A long-time U.S. Social Security official says the recent ruling in Wisconsin allowing same-sex marriages also has profound affects on that program.
Webster Phillips worked for Social Security for 31 years before retiring. He now is a staff member of the National Commitee to Preserve Social Security and Medicare.
Prior to Judge Barbara Crabb's ruling last week, Phillips says partners were not eligible for benefits others received....
...an equal benefit package. We're really glad to see that come about because we think it validates the essential concept of Social Security as a family benefit package and a program that is fairly eligible to everybody who contributes to it...."
Phillips says the history of Social Security is to provide benefits to all in the household...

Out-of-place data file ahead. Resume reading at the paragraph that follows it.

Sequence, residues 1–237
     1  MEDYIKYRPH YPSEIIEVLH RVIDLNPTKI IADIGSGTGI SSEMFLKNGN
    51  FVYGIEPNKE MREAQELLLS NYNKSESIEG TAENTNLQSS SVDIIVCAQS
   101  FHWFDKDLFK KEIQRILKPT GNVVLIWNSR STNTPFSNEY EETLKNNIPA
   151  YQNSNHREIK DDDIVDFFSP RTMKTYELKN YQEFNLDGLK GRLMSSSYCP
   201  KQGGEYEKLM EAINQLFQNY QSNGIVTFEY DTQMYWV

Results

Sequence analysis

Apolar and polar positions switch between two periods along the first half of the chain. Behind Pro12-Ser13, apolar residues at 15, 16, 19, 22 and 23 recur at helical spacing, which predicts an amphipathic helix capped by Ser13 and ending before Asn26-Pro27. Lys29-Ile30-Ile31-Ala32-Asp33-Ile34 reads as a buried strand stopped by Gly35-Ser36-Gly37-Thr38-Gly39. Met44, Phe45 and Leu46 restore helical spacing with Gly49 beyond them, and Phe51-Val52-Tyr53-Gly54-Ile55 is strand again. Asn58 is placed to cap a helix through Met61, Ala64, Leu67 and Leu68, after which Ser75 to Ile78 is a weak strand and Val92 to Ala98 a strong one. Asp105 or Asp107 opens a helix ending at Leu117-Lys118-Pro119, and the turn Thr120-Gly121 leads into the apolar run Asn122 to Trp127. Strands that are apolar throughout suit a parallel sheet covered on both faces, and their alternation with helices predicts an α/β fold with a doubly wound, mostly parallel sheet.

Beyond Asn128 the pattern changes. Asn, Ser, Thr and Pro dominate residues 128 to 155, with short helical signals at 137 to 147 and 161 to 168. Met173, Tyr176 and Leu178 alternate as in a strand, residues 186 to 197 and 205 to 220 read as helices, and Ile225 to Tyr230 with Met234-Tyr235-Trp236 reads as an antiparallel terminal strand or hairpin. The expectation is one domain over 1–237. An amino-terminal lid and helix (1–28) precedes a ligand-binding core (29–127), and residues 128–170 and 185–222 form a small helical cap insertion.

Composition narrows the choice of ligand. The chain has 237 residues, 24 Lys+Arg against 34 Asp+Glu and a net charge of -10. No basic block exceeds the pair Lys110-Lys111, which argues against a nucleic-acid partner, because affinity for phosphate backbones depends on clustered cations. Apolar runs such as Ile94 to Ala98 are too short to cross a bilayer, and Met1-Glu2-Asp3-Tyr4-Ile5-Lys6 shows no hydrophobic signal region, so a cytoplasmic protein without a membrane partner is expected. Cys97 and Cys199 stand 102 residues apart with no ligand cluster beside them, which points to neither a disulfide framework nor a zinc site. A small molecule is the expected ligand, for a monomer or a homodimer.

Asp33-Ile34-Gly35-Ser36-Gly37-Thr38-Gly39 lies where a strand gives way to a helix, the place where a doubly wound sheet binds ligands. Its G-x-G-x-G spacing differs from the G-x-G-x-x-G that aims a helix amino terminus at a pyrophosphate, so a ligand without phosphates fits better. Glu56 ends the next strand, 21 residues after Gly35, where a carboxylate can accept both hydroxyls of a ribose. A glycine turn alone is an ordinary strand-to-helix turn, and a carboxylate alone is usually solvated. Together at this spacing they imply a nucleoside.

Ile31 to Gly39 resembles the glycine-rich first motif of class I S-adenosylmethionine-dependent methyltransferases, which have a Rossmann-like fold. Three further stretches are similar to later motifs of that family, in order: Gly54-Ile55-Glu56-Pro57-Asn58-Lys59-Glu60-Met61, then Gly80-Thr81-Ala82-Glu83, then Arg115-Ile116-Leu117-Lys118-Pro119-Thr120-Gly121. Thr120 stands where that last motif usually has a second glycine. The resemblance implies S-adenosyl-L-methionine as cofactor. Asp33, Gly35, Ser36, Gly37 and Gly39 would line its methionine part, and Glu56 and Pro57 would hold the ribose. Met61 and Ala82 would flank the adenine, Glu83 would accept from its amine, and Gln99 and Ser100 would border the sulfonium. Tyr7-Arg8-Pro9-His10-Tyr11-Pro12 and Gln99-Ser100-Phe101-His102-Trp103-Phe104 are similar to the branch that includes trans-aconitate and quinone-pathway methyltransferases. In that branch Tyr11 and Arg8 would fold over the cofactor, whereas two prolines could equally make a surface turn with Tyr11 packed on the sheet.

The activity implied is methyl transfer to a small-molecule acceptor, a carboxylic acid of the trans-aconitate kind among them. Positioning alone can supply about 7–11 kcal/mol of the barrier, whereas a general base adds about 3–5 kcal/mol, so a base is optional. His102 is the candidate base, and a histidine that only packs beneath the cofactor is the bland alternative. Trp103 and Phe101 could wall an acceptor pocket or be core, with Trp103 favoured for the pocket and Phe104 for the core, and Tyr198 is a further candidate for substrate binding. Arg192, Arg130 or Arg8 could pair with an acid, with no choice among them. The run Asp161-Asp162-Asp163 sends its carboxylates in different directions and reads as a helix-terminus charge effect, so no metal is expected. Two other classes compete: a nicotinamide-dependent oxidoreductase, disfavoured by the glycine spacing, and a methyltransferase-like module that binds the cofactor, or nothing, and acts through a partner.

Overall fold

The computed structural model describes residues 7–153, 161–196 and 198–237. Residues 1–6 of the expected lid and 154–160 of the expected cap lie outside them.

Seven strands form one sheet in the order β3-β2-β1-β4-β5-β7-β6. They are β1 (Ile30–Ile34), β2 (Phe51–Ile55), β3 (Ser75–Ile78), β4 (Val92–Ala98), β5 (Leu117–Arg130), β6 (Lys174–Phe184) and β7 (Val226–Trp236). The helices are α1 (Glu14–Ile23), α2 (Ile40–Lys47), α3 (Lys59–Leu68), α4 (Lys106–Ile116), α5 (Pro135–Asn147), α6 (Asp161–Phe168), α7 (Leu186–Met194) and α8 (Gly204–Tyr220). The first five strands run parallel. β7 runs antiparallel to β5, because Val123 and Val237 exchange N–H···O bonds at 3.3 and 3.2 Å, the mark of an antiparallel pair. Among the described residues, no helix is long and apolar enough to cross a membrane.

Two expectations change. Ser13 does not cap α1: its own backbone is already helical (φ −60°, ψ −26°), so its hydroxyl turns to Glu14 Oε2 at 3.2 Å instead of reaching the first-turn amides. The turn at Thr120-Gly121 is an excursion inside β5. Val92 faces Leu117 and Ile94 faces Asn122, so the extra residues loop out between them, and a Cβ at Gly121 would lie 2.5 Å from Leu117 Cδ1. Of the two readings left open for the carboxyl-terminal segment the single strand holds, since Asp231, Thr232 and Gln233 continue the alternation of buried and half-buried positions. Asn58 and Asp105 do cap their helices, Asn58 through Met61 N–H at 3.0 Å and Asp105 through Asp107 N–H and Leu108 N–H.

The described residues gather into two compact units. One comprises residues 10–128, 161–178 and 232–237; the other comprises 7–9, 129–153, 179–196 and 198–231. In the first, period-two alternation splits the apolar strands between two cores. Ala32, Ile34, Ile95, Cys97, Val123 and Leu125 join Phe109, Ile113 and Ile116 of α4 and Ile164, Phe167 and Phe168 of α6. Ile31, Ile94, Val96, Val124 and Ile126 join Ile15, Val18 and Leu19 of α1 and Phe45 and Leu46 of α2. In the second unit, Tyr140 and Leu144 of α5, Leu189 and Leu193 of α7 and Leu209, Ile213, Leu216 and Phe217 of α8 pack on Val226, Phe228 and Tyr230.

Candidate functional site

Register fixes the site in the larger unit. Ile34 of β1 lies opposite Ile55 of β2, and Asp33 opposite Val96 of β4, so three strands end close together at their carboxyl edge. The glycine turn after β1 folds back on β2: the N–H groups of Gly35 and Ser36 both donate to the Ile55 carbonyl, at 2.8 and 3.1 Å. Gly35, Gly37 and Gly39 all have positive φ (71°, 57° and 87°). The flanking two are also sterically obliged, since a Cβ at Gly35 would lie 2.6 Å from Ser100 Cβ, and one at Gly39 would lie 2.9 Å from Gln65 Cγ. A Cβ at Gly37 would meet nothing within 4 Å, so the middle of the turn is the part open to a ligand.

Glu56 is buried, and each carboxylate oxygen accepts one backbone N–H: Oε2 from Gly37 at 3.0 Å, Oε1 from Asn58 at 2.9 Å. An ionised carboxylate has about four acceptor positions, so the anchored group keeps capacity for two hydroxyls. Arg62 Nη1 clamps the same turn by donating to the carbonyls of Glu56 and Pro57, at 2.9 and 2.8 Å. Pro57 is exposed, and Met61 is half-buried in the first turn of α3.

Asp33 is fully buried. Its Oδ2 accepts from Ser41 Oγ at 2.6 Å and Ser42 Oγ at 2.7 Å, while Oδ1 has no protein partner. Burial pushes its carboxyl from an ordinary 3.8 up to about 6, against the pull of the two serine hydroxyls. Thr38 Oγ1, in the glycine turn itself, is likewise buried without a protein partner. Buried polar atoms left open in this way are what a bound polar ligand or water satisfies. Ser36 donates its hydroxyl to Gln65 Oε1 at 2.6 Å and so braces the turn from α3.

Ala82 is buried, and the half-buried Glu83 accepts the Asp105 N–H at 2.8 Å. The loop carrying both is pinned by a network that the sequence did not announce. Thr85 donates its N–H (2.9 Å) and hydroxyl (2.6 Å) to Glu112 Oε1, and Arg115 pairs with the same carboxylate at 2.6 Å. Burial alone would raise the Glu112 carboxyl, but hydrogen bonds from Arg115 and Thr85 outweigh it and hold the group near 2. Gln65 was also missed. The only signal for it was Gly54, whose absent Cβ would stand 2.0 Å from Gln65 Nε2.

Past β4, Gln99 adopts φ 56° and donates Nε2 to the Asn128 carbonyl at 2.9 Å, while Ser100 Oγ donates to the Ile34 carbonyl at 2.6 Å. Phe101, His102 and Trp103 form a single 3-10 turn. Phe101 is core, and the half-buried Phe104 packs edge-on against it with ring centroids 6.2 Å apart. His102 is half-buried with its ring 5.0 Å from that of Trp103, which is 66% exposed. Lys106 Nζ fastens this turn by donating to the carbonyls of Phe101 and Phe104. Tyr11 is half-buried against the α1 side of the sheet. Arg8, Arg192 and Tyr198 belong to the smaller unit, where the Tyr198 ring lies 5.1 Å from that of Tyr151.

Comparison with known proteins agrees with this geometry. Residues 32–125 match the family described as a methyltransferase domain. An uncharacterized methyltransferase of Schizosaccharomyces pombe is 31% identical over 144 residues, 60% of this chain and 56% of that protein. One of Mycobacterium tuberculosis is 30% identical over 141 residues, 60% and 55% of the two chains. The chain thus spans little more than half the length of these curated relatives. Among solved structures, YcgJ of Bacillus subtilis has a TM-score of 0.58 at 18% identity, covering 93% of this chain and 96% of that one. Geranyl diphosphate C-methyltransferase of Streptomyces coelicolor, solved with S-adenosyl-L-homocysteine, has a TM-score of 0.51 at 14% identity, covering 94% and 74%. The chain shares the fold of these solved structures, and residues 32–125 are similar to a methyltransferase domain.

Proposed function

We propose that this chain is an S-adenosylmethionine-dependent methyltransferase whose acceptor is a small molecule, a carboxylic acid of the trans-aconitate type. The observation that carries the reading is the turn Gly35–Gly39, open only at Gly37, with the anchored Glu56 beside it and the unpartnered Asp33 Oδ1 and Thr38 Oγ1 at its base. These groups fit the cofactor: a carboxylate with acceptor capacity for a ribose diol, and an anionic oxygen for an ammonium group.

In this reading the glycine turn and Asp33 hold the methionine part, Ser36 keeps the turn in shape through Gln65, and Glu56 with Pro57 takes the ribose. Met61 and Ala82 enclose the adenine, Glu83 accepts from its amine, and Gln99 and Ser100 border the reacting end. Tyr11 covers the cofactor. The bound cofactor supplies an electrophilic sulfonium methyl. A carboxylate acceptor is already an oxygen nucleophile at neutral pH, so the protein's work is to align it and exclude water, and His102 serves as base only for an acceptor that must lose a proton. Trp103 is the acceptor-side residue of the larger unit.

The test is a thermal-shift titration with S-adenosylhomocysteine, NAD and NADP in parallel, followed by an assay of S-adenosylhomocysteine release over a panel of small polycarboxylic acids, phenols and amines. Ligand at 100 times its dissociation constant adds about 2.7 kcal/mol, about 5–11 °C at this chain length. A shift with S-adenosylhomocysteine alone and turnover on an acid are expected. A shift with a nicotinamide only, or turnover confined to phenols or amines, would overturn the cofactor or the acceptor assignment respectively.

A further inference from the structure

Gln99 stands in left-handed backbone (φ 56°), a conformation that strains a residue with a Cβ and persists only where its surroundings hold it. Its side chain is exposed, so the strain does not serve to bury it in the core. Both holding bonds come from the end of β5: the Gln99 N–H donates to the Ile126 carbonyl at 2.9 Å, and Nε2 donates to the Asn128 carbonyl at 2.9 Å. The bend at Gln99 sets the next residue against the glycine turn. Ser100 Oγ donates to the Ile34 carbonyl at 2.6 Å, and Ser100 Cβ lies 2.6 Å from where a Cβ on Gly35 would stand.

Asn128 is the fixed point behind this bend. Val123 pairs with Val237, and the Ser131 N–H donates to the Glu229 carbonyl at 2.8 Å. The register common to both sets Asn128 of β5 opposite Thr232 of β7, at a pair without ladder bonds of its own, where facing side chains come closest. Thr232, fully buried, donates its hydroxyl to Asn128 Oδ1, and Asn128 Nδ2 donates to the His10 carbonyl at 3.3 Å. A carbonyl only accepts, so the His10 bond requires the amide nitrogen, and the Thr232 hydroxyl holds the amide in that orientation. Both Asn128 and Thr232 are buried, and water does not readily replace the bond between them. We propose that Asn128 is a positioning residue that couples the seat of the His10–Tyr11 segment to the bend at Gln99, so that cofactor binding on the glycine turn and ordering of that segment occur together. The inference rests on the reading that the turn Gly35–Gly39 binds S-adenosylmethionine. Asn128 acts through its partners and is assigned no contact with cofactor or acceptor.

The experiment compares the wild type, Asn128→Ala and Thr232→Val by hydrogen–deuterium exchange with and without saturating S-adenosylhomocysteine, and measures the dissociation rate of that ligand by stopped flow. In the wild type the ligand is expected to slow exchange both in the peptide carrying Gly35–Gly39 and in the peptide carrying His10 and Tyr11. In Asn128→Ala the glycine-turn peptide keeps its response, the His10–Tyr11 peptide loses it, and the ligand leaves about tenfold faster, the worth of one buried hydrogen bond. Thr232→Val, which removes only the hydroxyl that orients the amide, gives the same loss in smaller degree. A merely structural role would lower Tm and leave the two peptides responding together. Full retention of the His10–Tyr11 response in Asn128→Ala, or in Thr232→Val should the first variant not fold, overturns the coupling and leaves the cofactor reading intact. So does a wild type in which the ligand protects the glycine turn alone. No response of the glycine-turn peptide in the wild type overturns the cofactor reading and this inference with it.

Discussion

He says children now qualify for benefits on their parents records. Spousal benefits also apply including disability.
"....Social Security...since it began paying benefits in the early 1940's...was a family benefit package. The worker always got retirement benefits. If the worker had a wife or husband or children, then the worker, spouse and children qualified for benefits on the worker's record...."
Phillips says Crabb's ruling tossing out Wisconsin's 2006 ban on same-sex marriage opened up the system for equal benefits.